The interviewer at IFOA, Randy Boyagoda, was clearly very familiar with the work Metcalf has done, and Boyagoda zeroed in on one of the most overlooked things about John Metcalf. That he is a gifted writer and prose stylist, praised by the likes of Alice Munro, and that comes to bear on his editorial and critical eye. This event came on the heels of the publication of his first book in twenty-six years, The Museum at the End of the World. His skill as a writer is often overlooked amidst all of the focus on his editorial and critical volume, but it is that skill and eye that allows him to edit and critique so surgically. Metcalf spoke at length about how he brings a level of precision to his own writing, to each line, and to each word. He said that good lines “change to reader to an active participant in the story,” with the work provoking a “deliberate emotional response” from the reader. He also stated the he tries for a natural flow that borders on the poetic, and thinks that it should tend toward that in aesthetic and sound. He even told Mr. Boyagoda that he thinks about the rhythm and cadence of his writing as “being part of music.”
A highlight of the event came when Boyagoda brought up an exchange that he’d had with Metcalf before the talk. In that conversation, he has suggested that Metcalf’s latest work could have been a novel, instead of a collection of stories and novellas, and for this he apparently received a “stern warning from John” about such ideas. “If you did (suggest it should be a novel), you would be misreading,” said Metcalf. He went on to clarify that he chose the form that suited the writing, and said that “if (The Museum at the End of the World) was a novel, there would have to be a lot of padding,” and that he hoped, by writing it as needed, that there was not “a single bit of wadding” in the book. If anyone knows about Metcalf’s work in writing and developing short fiction in Canada, none of this will come as a surprise.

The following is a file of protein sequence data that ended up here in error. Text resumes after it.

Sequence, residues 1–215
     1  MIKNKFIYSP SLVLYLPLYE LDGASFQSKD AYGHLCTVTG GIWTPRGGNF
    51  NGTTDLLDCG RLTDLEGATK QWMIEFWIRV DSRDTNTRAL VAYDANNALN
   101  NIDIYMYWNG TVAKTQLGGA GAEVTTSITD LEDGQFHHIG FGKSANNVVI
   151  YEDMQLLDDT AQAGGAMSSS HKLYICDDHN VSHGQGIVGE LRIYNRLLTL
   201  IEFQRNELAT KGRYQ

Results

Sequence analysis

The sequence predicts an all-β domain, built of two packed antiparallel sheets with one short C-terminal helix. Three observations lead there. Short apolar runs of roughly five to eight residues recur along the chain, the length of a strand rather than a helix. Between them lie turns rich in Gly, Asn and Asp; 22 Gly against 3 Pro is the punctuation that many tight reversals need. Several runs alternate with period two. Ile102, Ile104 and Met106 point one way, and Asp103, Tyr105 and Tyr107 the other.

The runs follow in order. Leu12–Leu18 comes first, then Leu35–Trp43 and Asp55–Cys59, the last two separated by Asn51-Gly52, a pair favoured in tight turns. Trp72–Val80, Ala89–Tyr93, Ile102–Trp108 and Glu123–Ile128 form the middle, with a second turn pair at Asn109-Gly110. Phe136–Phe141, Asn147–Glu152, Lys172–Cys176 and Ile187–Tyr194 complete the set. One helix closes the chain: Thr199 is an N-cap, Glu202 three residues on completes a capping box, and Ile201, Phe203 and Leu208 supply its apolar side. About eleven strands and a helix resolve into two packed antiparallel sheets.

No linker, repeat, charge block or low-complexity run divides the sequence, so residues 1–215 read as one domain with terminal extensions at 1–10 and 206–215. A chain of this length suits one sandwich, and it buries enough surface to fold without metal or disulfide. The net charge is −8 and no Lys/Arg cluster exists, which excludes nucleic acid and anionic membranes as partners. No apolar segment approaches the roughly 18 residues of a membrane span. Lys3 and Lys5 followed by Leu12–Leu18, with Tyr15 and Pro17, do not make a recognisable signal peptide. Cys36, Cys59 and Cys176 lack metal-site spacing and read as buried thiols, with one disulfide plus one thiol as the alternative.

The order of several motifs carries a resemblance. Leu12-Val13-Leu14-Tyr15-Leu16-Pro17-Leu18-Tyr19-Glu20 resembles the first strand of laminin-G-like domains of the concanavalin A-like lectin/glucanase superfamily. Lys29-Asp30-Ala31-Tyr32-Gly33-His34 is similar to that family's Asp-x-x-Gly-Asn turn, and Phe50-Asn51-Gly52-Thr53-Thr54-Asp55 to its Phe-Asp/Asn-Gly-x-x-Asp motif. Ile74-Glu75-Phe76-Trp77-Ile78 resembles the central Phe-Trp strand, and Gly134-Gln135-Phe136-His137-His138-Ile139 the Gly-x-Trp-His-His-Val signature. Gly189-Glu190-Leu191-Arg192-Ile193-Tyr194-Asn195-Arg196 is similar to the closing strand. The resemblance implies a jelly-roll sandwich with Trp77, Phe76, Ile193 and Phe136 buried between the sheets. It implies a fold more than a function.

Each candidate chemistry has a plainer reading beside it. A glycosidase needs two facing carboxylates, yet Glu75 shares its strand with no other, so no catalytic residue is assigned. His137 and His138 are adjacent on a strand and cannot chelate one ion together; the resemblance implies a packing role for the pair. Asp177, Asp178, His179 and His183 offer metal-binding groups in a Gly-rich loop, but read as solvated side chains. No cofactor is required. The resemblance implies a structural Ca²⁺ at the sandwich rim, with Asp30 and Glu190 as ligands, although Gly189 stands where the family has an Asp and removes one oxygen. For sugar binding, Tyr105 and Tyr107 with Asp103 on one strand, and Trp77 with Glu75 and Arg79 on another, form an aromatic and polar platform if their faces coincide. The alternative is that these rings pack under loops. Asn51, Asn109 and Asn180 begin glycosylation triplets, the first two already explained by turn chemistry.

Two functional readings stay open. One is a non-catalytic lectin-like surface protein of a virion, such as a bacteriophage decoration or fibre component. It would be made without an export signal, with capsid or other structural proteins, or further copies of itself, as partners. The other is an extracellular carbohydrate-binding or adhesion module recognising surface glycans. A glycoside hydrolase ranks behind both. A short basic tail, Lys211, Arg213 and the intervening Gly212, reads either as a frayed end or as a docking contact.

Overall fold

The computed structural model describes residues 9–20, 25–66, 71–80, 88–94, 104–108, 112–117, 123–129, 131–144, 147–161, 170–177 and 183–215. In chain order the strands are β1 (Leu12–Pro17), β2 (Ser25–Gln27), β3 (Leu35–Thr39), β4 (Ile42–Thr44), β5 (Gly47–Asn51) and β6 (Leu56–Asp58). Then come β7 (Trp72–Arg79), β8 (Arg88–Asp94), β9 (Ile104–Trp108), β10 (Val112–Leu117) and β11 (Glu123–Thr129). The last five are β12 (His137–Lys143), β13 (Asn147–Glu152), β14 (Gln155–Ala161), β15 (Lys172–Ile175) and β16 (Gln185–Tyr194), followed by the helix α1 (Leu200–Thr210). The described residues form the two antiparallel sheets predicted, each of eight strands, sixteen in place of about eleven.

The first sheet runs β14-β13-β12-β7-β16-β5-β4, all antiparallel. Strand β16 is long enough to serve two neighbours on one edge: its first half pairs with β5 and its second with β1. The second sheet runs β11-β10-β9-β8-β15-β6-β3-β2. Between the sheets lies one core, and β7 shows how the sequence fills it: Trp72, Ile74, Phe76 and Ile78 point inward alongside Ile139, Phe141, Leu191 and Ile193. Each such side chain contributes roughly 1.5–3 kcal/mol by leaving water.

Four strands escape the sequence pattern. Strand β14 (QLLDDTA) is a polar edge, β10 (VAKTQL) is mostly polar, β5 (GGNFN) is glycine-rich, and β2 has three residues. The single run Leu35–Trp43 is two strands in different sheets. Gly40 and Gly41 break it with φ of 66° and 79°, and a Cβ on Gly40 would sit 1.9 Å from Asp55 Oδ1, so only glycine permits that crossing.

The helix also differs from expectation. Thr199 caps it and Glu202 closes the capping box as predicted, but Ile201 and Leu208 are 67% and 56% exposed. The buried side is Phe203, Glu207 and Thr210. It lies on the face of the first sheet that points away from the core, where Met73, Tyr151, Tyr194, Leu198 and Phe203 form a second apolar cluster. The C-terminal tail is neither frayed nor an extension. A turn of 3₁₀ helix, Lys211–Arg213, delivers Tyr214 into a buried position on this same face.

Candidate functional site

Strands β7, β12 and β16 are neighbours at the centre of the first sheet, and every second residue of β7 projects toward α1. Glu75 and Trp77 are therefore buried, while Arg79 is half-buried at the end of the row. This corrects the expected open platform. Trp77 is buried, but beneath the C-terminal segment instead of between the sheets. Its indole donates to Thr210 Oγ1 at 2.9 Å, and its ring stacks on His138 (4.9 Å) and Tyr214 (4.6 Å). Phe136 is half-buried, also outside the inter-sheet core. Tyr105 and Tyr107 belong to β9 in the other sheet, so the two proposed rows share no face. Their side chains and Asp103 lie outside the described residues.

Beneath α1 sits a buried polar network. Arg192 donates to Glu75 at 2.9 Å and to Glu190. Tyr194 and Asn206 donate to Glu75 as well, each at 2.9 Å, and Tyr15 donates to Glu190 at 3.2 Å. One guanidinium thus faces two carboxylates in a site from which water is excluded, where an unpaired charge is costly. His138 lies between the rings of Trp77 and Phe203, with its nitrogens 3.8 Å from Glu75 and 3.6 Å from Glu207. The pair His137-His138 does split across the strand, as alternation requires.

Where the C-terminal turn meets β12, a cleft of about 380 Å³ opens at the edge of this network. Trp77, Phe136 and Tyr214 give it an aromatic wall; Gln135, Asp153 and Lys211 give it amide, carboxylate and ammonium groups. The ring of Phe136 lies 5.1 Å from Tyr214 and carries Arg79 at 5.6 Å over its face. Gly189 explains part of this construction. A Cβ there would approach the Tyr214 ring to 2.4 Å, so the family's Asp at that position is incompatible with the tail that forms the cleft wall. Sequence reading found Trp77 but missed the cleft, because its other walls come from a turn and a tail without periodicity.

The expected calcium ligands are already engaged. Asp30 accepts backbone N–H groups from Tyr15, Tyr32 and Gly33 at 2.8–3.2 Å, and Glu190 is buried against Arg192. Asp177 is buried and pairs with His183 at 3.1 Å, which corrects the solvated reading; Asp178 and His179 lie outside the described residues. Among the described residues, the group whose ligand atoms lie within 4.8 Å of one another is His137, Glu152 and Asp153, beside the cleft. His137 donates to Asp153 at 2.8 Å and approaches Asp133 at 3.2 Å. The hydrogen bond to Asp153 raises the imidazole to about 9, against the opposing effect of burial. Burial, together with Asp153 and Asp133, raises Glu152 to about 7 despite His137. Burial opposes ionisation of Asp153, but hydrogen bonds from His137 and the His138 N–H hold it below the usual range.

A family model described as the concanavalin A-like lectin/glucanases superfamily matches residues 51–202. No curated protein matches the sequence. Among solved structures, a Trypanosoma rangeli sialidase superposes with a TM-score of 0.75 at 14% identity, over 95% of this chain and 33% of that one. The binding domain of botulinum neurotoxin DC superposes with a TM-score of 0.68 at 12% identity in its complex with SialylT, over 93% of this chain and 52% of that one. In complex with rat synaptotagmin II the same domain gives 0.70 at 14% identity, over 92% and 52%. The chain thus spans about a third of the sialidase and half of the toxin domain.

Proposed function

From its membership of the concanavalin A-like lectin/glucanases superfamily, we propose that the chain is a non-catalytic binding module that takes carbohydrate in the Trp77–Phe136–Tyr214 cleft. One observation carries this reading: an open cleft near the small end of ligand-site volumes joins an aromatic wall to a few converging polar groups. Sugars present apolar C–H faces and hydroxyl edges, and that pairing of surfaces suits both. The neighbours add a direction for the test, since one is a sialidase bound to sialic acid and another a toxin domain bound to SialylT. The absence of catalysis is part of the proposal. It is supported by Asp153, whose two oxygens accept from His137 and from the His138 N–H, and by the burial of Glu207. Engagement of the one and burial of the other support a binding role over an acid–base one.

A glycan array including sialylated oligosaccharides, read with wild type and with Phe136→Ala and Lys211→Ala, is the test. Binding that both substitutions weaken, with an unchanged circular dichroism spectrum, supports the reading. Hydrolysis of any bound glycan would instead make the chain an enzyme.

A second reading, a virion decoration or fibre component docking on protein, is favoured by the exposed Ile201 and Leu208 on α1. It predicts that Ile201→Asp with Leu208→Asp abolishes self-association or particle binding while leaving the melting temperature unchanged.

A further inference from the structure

Above all, Metcalf has championed the short story in Canada, a form that most of his writers have excelled in. It is how he has discovered so many talented writers throughout the country, and how he often measures them against some of their peers or predecessors. The short story collection is something that is produced in Canada regularly, often the first book for a writer. But Metcalf’s short story writers are those who value the form as integral and essential, regardless of the opinions of most publishers and readers, and other foreign markets, and so it is no surprise that they are on board with his philosophies on writing, and that this has often been channelled into novels and other works that have put them more squarely in the spotlight of CanLit.
It was plain from the conversation that Metcalf has not wavered on his aesthetic approach to writing, and that he hasn’t softened on some of the lesser points of the writing life. Especially with regards to the lives and sometimes hilarious experiences of being a noted Canadian author. In his own writing, the character Robert Forde often traverses the space that a “Canadian author” occupies, a mix of inflated solemnity, genuine appreciation, achievements simultaneously celebrated and rendered invisible. Still, his dedication to those writers that strive for greatness on the page cannot be questioned. If he might brush off his impact on Canadian literature as his job, something that deserves no public praise, there are many others in the community that will not let him skate on that. Metcalf once plainly told me that I must have “sweated blood” to do some work that seemed straightforward enough on the page. I would say that the man has done the same for the most of his professional life, without public fanfare, but so many significant members of the literary community have seen that blood colour countless pages of essential Canadian literature. Irreversibly so. And they are glad for it.
By guest blogger Kevin Hardcastle. Follow Kevin on Twitter @KHardcase